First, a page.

Every November, thousands of writers across the globe gear up for the challenge of National Novel Writing Month. During the whole month of November, participants try to write 50,000 words of a novel and submit it by the end of the month, according to the NaNoWriMo website.
The tradition began twenty years ago, according to Assistant Professor of English Rebecca McKanna.
“It’s been going on for a long time and I think it was pretty informal at first,” McKanna said. “Then the organization became a nonprofit and they got a lot more followers. And so now there are people all over the world that do this in the month of November.”
To complete NaNoWriMo, according to Assistant Professor of English Kip Robisch, participants must write the full 50,000 words before the end of November and prove that they completed the challenge. Prizes for those who complete the challenge consist of coupons and free trials for various writing programs, online bookstores and novel publishing platforms, according to the NaNoWriMo website. These prizes are offered by sponsors of NaNoWriMo, such as Walmart eBooks and Kindle Direct Publishing.
Books such as “Wool” by Hugh Howey and “Fangirl” by Rainbow Rowell originally started as NaNoWriMo rough drafts, according to NaNoWriMo’s website. Robisch recalled one author, Erin Morgenstern, that wrote a successful book called “The Night Circus” in the span of two NaNoWriMo writing sessions.
“She landed a big publishing house contract and [the book] was a bestseller,” Robisch said. “She wrote the draft of this novel in two months, over two years. There’s a little bit of a twist to this sometimes. The books that are successful, it’s not like they’re successful after having been written in only a month. [For] many of them, what came out of that month of November was a lot of productivity.”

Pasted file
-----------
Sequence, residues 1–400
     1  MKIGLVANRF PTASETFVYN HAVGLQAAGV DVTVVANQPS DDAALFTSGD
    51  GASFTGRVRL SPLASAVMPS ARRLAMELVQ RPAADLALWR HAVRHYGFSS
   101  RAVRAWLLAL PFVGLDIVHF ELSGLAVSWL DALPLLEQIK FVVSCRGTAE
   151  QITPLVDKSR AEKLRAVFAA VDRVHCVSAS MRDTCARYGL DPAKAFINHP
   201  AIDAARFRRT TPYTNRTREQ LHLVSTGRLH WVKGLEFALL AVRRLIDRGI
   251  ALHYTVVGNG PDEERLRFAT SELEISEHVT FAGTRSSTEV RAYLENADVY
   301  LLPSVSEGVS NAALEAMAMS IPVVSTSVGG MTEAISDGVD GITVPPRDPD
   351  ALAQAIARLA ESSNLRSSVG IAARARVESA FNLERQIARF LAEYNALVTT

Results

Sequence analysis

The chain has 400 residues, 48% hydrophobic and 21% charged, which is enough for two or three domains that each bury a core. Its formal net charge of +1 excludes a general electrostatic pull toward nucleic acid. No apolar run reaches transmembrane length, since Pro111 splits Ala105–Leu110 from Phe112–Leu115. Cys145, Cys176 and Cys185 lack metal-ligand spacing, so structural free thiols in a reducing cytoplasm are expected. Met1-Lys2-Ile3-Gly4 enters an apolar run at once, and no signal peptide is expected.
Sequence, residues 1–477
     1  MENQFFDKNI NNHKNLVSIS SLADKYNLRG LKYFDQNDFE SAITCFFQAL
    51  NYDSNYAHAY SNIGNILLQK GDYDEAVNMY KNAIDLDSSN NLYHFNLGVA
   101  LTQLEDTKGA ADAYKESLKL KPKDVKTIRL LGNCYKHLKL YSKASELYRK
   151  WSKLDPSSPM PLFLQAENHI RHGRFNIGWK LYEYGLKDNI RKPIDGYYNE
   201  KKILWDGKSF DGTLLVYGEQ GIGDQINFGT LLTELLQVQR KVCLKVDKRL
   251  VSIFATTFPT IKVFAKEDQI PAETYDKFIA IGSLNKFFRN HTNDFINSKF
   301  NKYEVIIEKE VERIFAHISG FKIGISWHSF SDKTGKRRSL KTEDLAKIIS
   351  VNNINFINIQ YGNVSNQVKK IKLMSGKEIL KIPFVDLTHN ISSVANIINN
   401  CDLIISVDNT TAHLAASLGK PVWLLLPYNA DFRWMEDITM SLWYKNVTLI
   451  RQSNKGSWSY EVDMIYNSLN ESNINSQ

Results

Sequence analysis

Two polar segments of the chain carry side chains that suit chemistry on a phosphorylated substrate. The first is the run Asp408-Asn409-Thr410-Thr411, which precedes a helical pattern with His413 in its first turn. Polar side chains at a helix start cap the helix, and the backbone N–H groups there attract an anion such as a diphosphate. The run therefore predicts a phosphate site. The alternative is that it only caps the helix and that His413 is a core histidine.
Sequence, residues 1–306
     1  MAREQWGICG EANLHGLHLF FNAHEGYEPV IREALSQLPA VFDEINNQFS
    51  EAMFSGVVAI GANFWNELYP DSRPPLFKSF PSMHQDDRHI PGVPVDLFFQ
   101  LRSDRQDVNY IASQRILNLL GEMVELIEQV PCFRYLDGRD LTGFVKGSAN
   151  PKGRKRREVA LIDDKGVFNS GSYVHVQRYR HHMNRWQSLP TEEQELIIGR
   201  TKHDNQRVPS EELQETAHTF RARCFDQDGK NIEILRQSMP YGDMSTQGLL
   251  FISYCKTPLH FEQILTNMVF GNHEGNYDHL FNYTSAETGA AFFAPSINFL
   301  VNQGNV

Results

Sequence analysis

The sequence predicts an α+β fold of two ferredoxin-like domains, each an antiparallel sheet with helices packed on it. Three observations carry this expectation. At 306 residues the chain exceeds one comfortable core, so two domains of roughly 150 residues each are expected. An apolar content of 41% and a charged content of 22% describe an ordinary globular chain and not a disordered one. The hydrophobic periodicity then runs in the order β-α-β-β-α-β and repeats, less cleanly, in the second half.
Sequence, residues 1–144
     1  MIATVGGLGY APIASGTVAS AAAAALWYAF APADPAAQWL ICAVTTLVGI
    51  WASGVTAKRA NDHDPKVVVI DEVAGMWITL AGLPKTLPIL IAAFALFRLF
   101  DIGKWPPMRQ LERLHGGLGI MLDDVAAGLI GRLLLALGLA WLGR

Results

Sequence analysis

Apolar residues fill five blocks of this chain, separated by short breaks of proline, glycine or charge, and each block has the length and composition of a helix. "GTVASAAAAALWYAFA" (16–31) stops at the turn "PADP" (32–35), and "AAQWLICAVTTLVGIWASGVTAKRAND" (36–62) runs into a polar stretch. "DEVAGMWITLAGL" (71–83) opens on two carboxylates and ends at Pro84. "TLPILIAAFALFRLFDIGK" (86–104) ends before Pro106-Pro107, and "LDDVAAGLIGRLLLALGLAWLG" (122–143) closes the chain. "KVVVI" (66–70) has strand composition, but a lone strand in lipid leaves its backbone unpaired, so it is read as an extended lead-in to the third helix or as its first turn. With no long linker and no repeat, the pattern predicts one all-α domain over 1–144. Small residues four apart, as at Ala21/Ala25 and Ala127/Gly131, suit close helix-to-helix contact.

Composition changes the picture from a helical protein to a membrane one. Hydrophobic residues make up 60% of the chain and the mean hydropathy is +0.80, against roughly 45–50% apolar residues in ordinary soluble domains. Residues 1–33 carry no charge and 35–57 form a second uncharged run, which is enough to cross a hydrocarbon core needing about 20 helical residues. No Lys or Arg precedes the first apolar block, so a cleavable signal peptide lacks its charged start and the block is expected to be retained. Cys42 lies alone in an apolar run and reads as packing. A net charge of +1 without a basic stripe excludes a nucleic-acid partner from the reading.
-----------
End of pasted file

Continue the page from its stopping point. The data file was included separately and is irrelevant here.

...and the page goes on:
One benefit of NaNoWriMo, according to Robisch, is that it pushes a writer to reach the end of their novel. Robisch said that finishing a novel is one of the hardest things for a writer to do.
“The most difficult thing about writing to me, I think, is crafting something to its end. That’s why not everybody writes a novel and it’s why not everybody writes a novel that everybody wants to read,” Robisch said. “It’s because it’s hard to create something that’s got a good story to it and reaches a conclusion that you can then pick up and hold in your hand and hand over to somebody and say, ‘I did this, I finished it.’”
McKanna also believes that NaNoWriMo forces a writer to make time in their day for writing. She hopes that writers will continue to make time for their writing even when Nov. ends.
“I think [writers] gain an awareness that if you put your mind to it, you have more time than you think to write and that you can make writing a priority,” McKanna said. “And so it kind of forces you to carve out space and time for your writing. And then ideally that’s something that’ll carry on past the month of November. You’ll be able to keep doing that and make that creative practice something consistent in your life.”
Junior creative writing major Savannah Harris said that the write-ins are helpful. She believes that the write-ins give her time to write her flash fiction during her busy day.
“I would not be writing right now if I was not [at the write-in] just because I’ve got so much to do,” Harris said. “I take on a lot. And I acknowledge that too much sometimes. But I think it’s so helpful to just set aside time out of your day. Like, ‘Okay, this is my scheduled time I need to write.’”
For students wanting to participate in NaNoWriMo, write-ins will be held in Good Hall, Room 105 for the remaining Thursdays in November. These write-ins offer snacks and a quiet place to work with other student writers.